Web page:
When Should You See Your Doctor for Memory Loss?
My husband has memory loss. It is more advanced lately, so we finally went to see a neurologist.
It started out with memory lapses. Sometimes, Chuck asked the same question like “Where is the rake?” It would be where it always was, but I would tell him anyway. Then a few minutes later, after getting distracted for a moment, he would ask, “Where’s the rake?”
These memory lapses came more frequently, and then they got quite unsettling. I tried to joke about it, as I did when I wrote about this a few years ago. At the time, I thought one lapse was just bad driving. Now I know it was problems with paying attention – with staying in the moment. You can read about it here.
About three weeks ago, my husband visited a neurologist, as suggested by our doctor. I tagged along because it was important both of us hear what the doctor had to say. This was apparent by the time we got home because all Chuck heard was that he was fine.
His doctor asked him a series of verbal questions, designed to help him determine and diagnose Chuck’s situation. Afterward, the doctor had good news. He said it is not Alzheimer’s or dementia, but to rule out anything else like a brain tumor he ordered an MRI (which came back clear).
He also thought that Chuck doesn’t get enough quality sleep.
When to See Your Doctor About Your Memory Loss Fears
If you’re concerned about memory loss, see your doctor. He or she can conduct tests to judge the degree of memory impairment and diagnose the cause.
He or she will have many questions for you, and it is important to have a family member or friend along to answer some questions based on his or her observations. Questions such as:
How long have you had memory problems?
What medications do you take, including prescriptions, over the counter, and vitamins?
Have you recently been ill lately?
What medicine did you take?
What is your daily routine? How has your routine changed lately?
What tasks are difficult to perform?
What have you done for your memory problems? Have these helped?
Have you ever fallen and injured your head?
If you drink alcohol, how much do you drink daily?
Have you felt sad, depressed or anxious lately?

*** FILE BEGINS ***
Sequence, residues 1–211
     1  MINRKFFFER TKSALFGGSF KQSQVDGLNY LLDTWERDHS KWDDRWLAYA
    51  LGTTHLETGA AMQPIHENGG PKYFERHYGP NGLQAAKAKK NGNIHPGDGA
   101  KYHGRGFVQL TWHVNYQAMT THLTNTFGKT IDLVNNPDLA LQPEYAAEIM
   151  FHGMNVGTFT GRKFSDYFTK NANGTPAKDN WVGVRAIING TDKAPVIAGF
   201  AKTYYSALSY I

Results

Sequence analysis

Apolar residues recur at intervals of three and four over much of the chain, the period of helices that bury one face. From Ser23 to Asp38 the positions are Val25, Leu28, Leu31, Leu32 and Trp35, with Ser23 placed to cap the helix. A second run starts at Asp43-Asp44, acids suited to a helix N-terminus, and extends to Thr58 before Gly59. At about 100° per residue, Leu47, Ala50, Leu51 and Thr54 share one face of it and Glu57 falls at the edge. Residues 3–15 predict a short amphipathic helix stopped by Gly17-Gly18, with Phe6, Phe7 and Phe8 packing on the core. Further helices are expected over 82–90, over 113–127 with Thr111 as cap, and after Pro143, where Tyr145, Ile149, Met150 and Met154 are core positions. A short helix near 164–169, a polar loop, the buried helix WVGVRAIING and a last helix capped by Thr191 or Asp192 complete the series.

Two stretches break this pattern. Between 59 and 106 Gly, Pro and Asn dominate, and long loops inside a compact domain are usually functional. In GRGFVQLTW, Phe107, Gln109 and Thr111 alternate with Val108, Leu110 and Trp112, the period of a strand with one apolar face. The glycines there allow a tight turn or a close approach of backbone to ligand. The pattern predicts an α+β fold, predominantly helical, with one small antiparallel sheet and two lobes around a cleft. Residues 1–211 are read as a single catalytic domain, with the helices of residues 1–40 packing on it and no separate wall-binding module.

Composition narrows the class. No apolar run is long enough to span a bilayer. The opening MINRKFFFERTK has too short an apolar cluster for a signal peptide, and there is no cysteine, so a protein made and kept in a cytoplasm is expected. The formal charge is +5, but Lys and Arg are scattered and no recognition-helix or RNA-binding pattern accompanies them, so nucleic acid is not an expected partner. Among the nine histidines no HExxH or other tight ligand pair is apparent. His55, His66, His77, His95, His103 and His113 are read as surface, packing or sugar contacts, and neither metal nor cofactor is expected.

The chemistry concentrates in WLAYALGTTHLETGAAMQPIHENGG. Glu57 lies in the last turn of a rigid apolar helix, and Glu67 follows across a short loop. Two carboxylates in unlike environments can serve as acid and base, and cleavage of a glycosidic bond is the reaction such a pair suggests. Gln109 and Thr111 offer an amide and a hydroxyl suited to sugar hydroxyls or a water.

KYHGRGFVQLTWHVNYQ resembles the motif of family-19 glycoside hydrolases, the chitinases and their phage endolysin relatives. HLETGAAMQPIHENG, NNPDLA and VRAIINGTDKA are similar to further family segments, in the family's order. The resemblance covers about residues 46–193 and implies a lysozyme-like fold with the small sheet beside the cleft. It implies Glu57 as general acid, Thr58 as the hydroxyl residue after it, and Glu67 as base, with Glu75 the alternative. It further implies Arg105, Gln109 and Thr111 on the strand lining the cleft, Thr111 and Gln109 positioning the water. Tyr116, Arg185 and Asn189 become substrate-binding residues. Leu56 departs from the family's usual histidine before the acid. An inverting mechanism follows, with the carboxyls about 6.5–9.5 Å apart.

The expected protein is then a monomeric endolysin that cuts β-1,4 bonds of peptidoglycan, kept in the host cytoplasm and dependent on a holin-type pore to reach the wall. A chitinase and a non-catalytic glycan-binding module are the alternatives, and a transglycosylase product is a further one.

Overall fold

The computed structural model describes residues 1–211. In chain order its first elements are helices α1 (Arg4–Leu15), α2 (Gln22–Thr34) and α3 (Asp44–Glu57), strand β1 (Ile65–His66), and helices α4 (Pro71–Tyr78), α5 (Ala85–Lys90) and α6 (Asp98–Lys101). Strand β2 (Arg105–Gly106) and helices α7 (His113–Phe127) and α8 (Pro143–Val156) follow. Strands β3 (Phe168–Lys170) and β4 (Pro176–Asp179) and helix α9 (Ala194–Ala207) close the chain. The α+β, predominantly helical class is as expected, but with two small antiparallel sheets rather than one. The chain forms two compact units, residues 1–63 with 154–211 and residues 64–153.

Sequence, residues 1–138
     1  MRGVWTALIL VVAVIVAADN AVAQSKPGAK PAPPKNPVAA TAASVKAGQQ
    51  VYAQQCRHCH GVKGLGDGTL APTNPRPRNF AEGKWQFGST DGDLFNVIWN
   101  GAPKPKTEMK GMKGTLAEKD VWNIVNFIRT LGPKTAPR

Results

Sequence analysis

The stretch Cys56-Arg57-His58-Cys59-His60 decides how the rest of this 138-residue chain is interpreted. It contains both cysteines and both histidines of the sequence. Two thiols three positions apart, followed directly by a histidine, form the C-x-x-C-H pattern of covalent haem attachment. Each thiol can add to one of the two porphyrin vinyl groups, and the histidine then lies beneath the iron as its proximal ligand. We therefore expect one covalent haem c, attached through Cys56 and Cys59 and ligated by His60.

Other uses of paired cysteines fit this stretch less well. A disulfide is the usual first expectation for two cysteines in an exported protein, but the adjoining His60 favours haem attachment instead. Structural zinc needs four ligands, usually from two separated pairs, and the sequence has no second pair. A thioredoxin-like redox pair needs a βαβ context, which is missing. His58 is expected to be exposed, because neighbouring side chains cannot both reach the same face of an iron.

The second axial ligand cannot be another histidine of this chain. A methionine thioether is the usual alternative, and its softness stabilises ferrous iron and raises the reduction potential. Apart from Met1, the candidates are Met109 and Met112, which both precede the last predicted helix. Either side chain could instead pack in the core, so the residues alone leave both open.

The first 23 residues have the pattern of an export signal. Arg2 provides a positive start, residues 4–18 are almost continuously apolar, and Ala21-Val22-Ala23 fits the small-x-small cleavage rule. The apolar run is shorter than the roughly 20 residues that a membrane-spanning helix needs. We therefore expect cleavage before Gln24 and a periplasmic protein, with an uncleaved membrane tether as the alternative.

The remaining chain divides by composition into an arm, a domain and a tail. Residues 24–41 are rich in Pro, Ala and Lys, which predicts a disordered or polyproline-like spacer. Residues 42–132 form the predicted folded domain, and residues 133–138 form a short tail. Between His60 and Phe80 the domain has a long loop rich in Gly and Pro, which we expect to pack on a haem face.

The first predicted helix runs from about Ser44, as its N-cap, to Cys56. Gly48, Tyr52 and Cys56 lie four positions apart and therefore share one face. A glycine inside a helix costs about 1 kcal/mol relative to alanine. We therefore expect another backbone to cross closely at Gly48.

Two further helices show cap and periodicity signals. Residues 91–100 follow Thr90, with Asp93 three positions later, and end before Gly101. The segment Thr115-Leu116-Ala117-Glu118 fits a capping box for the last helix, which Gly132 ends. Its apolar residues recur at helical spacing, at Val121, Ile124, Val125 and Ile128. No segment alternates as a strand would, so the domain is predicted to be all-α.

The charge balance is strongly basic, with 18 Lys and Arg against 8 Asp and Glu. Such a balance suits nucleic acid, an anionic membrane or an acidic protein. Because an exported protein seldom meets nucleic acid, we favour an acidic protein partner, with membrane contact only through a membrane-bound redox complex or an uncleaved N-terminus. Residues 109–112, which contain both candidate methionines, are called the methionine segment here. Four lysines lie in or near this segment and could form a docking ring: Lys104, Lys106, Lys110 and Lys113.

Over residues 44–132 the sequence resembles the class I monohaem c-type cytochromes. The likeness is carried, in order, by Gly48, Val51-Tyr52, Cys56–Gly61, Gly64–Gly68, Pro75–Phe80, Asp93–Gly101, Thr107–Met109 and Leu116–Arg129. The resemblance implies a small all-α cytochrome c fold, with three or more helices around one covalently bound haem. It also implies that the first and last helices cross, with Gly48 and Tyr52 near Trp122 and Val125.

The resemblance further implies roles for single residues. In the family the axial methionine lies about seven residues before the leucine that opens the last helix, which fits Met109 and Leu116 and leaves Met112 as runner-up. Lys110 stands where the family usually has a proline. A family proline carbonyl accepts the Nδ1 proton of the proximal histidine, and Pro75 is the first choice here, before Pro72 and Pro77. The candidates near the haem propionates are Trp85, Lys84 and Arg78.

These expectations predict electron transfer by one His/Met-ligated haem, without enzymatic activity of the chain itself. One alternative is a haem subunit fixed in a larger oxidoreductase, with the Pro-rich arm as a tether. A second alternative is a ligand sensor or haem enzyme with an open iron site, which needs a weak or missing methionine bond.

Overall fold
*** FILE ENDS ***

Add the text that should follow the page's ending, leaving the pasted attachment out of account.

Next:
Have you experienced a major loss, change or stressful event in your life?
The questions are designed to help your doctor test your memory and other thinking skills. He or she may also order blood tests and brain-imaging tests like Chuck’s MRI that can help identify reversible causes of memory problems.
Your general practitioner may refer you to a specialist in diagnosing dementia or memory disorders, such as a neurologist, psychiatrist, psychologist or geriatrician. This specialist will try to identify any reversible cause of memory impairment so that you get appropriate treatment.
Stress, anxiety or depression can cause memory loss and make a person more forgetful. Also, dealing with life changes can leave a person confused or forgetful.
Retraining the Brain
Chuck’s doctor made suggestions as to how to retrain the brain and how to help the brain retain new information. Below are a few of the suggestions:
Practice doing only one thing at a time and avoid distractions. Try to fully concentrate on whatever you do, practice staying in the moment and try not to think about what you need to do in the future or what you did in the past.
Say something out loud several times if you really need to remember it. Practice this, for example, by trying to remember the grocery list; but take it with you just in case.
Does anyone in your family suffer from memory loss? Would retraining the brain help or is it something more serious? What have you discovered from consulting with your doctor? Please share your experience in the comments.
Native Floridian Cindy Roe Littlejohn blogs at the Old Age Is Not For Sissies, where life is good and every day is an adventure. At 62 she is healthy, married, a mother to three, and grandmother of six. She is an author and writer, a tree farmer, and a retired lobbyist. She loves to travel on old trails, garden, do genealogy, spend time in the outdoors, and spend time with her family. You can reach her at firstname.lastname@example.org